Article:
Two weeks before the U.S. House of Representatives votes to approve a national cap-and-trade program, Chevron CEO Dave O’Reilly and Sierra Club chief Carl Pope meet for the first time at Climate One. O’Reilly agrees that climate science is valid and climate change is real, while he and Pope affirm different approaches regarding the transition to a low-carbon economy.

Dec 2009: Climate One Goes To Copenhagen

Climate One goes to Copenhagen for the U.N. Climate Summit (COP15)

Climate One goes to Copenhagen for the U.N. Climate Summit, where the Copenhagen Accord was drafted by five countries, including the U.S. Although the remaining participating countries did not adopt the accord, it recognized the reality of climate change and set a goal to keep temperature increases below two degrees Celsius.

Sept 2010: Energy, Economy, and the Environment

Secretary of State Hillary Clinton appears at Climate One to talk about public diplomacy and the interconnections between energy, the economy and the environment.

Secretary of State Hillary Clinton appears at Climate One to talk about public diplomacy and the interconnections between energy, the economy and the environment. While discussing U.S. oil dependence on Canada and Mexico, Clinton states that “Clean, renewable energy is in both our economic interests and the interests of our planet.”

Apr 2011: Shifting Sands

Alex Pourbaix of TransCanada and Sierra Club’s Carl Pope join a Climate One forum to discuss the environmental impacts of processing oil from Alberta’s oil sands, including transport through the Keystone XL pipeline.
Alex Pourbaix of TransCanada and Sierra Club’s Carl Pope join a Climate One forum to discuss the environmental impacts of processing oil from Alberta’s oil sands, including transport through the Keystone XL pipeline. While acknowledging the relative benefits of obtaining crude oil from a friendly neighbor, Mr. Pope insists, “The United States is going to be used as a transit zone and a refining zone. We’re going to take the environmental risks.”

Dec 2011: Stephen H. Schneider Award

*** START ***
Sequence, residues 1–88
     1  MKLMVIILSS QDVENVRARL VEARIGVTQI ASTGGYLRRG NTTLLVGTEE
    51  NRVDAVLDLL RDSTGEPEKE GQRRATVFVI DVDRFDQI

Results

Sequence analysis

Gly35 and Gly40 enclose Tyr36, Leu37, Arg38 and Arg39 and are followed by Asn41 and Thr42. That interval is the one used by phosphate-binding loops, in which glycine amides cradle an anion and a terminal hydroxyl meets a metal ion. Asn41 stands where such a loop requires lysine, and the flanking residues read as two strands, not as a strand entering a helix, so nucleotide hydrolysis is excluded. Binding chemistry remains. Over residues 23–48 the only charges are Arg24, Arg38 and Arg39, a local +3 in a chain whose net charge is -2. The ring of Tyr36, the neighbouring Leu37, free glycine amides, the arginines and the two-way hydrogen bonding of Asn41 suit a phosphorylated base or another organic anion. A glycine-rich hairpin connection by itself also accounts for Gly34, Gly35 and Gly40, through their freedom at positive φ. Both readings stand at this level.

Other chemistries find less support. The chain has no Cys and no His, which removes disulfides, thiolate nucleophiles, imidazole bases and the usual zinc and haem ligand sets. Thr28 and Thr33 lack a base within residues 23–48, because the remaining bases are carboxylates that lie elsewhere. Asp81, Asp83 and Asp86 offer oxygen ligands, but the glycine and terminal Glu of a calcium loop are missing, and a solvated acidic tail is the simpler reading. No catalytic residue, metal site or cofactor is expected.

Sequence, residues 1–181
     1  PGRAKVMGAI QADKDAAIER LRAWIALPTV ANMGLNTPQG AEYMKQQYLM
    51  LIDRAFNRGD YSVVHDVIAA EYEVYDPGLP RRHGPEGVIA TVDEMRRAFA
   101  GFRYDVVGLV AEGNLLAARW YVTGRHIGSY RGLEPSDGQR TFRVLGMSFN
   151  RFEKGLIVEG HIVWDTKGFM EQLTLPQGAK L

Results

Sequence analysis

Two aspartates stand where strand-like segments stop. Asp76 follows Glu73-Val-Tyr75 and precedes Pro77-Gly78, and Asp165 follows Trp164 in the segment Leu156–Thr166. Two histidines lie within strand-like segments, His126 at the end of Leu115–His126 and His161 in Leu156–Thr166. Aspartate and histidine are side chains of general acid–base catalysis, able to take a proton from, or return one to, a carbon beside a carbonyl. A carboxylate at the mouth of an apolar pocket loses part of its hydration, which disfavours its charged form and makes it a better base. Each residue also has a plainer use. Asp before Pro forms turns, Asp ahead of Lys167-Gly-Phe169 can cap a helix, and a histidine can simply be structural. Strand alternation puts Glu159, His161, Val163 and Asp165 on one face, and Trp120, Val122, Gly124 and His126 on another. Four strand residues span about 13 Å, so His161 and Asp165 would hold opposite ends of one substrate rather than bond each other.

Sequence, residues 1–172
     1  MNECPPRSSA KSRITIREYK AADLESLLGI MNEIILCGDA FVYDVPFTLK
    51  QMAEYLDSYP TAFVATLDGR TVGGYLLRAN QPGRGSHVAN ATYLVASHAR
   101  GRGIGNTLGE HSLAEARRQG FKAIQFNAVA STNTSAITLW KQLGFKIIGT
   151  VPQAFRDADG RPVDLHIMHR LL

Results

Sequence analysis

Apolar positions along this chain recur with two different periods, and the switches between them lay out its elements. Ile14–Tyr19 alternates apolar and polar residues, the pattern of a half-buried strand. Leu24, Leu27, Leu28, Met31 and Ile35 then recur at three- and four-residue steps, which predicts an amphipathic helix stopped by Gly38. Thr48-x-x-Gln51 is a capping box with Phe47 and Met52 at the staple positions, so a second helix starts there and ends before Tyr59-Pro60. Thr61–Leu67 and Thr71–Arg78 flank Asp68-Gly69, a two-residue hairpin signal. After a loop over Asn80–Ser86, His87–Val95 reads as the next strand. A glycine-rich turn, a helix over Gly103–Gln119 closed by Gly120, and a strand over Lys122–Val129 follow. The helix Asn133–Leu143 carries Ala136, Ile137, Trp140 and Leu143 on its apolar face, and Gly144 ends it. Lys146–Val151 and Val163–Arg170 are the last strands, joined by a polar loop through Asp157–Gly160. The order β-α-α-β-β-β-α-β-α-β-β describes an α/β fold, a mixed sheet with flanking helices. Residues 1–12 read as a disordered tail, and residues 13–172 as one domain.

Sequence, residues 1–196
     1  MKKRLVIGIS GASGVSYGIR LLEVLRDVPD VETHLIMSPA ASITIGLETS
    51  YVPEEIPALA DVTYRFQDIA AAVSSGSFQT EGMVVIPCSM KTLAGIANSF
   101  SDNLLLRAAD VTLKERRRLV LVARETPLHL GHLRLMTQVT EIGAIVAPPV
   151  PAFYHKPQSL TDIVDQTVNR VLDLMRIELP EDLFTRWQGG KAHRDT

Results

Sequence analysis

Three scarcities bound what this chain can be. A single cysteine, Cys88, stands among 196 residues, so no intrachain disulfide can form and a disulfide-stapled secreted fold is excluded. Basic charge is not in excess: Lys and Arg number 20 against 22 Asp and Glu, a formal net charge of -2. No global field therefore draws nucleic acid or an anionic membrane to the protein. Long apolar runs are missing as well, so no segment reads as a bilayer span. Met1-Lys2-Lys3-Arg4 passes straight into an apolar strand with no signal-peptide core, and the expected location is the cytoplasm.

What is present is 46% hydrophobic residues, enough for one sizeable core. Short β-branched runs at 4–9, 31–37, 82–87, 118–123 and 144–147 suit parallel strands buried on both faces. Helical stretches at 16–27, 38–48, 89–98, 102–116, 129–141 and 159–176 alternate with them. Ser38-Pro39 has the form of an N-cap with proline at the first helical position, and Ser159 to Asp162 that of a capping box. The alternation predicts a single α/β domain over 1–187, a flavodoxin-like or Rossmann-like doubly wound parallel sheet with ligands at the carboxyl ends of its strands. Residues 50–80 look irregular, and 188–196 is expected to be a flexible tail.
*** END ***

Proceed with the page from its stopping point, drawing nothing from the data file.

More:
In honor of Dr. Stephen H. Schneider, Climate One establishes an award for outstanding climate science communication.

In honor of Dr. Stephen H. Schneider, Climate One establishes an award for outstanding climate science communication. Dr. Schneider is widely considered a founding father of climate science. He was the first member of the Advisory Board and offered invaluable guidance to Greg Dalton regarding scientific matters. He passed away suddenly in 2010 as he was en route to Climate One. Schneider Award recipients would eventually include such luminaries as Dr. Michael Mann, Dr. Richard Alley, Dr. Naomi Oreskes and others.

Jul 2012: Students on Ice Scholarship

Climate One begins sponsoring one high school student each year for travel to the Arctic, honoring the place that inspired Greg Dalton’s understanding of the issues surrounding climate change.

Climate One begins sponsoring one Bay Area high school student each year to attend the Students on Ice program in the Arctic, honoring the place that inspired Greg Dalton’s understanding of the issues surrounding climate change. Educating and empowering younger generations is integral to Climate One’s efforts to create a more sustainable future. Dalton has derived significant motivation in his endeavor to change the conversation about climate change from his two children.

Nov 2012: A Heated Discussion